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Saturday, November 12, 2005

Internet Root Server: New Model To Breaking Up

I recently covered the developments centered around the internet rootservers and wrote about the need for multilateral control of these. Some rile at the practicality of transferring the root authorization – the fact is that if all in the world except USA were to switch to a new root, despite US opposition to such a move, it is clear that the other countries would probably win. I think that the US is in a bind and plainly stupid in taking such public positions on sensitive issues like this – when enough safe & credible alternatives exist. In a subsequent coverage,on breaking the US grip, I wrote that for the vast majority of people who use the internet, the only real concern is getting on it. But with the internet now essential to various countries' basic infrastructure - the question of who has control has become critical. The US wanted to retain indefinite control of the internet's foundation - its "root servers", which act as the basic directory for the whole internet. I think that the refusal of the US to budge only strengthened opposition (Clearly the US bungled – it had natural leadership to hold control – it could have retained this through multiple but different means), and now the world's governments are expected to agree a deal to award themselves ultimate control. It will be officially raised at a UN summit and, faced with international consensus, there is little the US government can do but acquiesce. The US may still be the best bet to hold control of the root servers - but it needs to invest in time and efforts to refine its approach and take all others along -they have so far demonstrated fairness in running the system, but clearly the US needs to polish its approach in multilateral discussions. There are still dozens of unanswered questions but all the answers are pointing the same way: international governments deciding the internet's future. Clearly the internet will never be the same again
The WSJ is endorsing a fragmented Internet, without a single "root file" that describes the locations of everything on the Net. Countries can set up their own root server, tweaked to allow access only to those sites the government deems nonthreatening, and simply order every Internet service provider in the country to use it instead of Icann's. The change will be seamless to most users. Root servers could spring up in different countries. In time, the Internet might look less like the Internet and more like, say, the phone system, where there is no "controlling legal authority" on the international level. Some may allow users to specify which server they wanted to query when typing in URLs. As a technical means of content control, going "split root," is too compelling for governments not to give it a try. But the user experience would likely be much the same as it ever was most of the time. ISPs, as well as most vaguely democratic governments, would have an interest in ensuring broad interoperability. Just like phone companies handle interrouting, the same principle would apply in a split-root world. This solution would be far better, in the long run, if they did so on their own, without a U.N. agency to corrupt or give them shelter. I agree that it's time to start looking beyond the age of a U.S. dominated Internet as breaking up may be hard to do, but in this case, the alternative would be worse. As the WSJ opinion piece rightly points out the changes that are coming probably won't bring about the end of the Information Age, but merely signifies a new stage in its evolution.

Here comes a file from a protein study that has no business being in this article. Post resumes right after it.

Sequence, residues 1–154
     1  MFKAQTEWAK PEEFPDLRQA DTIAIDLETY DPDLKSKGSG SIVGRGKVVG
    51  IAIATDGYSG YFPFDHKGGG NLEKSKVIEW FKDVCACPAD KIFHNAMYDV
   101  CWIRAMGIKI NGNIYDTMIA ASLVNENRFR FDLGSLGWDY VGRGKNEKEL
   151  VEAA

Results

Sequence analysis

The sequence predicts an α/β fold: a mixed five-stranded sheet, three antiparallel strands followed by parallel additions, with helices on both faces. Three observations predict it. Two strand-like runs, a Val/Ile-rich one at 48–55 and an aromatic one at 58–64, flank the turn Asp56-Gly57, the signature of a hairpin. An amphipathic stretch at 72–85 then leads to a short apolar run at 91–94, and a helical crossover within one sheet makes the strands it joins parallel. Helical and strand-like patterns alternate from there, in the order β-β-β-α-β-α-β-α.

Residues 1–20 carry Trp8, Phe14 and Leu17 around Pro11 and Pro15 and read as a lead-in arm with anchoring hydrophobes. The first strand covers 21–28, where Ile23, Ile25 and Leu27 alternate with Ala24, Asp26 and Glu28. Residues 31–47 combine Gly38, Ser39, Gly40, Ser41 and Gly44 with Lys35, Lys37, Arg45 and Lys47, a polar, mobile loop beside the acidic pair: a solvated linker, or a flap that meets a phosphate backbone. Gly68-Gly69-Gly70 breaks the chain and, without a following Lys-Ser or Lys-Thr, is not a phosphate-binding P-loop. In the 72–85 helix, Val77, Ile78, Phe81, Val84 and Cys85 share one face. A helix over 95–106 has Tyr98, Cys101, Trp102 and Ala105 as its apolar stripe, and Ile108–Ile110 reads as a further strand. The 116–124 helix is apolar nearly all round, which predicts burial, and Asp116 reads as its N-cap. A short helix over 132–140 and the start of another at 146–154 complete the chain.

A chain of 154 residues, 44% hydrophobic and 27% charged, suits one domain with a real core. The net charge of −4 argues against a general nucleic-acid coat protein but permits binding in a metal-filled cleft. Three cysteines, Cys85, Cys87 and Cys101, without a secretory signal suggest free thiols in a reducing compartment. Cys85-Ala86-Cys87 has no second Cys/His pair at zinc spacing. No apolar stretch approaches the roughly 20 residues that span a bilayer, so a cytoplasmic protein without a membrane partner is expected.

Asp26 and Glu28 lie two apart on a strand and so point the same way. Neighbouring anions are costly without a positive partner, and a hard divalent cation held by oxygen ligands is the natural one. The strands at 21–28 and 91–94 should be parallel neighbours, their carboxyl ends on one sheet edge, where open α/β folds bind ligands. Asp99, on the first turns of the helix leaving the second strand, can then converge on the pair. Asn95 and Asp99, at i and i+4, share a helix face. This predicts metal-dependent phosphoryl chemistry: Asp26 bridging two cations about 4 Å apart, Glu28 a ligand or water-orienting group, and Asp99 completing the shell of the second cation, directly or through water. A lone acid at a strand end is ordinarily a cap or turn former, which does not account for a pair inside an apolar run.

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Sadagopan's Weblog on Emerging Technologies, Trends,Thoughts, Ideas & Cyberworld
"All views expressed are my personal views are not related in any way to my employer"